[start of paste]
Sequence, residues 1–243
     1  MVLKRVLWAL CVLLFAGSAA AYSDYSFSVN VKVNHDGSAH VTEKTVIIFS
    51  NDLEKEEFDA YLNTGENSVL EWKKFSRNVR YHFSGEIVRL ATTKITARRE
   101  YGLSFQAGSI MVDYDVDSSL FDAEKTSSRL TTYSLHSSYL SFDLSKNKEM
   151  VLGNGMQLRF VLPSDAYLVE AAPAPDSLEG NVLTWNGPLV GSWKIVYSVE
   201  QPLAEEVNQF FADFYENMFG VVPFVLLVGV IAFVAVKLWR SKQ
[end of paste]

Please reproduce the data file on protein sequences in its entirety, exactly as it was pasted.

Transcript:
Sequence, residues 1–243
     1  MVLKRVLWAL CVLLFAGSAA AYSDYSFSVN VKVNHDGSAH VTEKTVIIFS
    51  NDLEKEEFDA YLNTGENSVL EWKKFSRNVR YHFSGEIVRL ATTKITARRE
   101  YGLSFQAGSI MVDYDVDSSL FDAEKTSSRL TTYSLHSSYL SFDLSKNKEM
   151  VLGNGMQLRF VLPSDAYLVE AAPAPDSLEG NVLTWNGPLV GSWKIVYSVE
   201  QPLAEEVNQF FADFYENMFG VVPFVLLVGV IAFVAVKLWR SKQ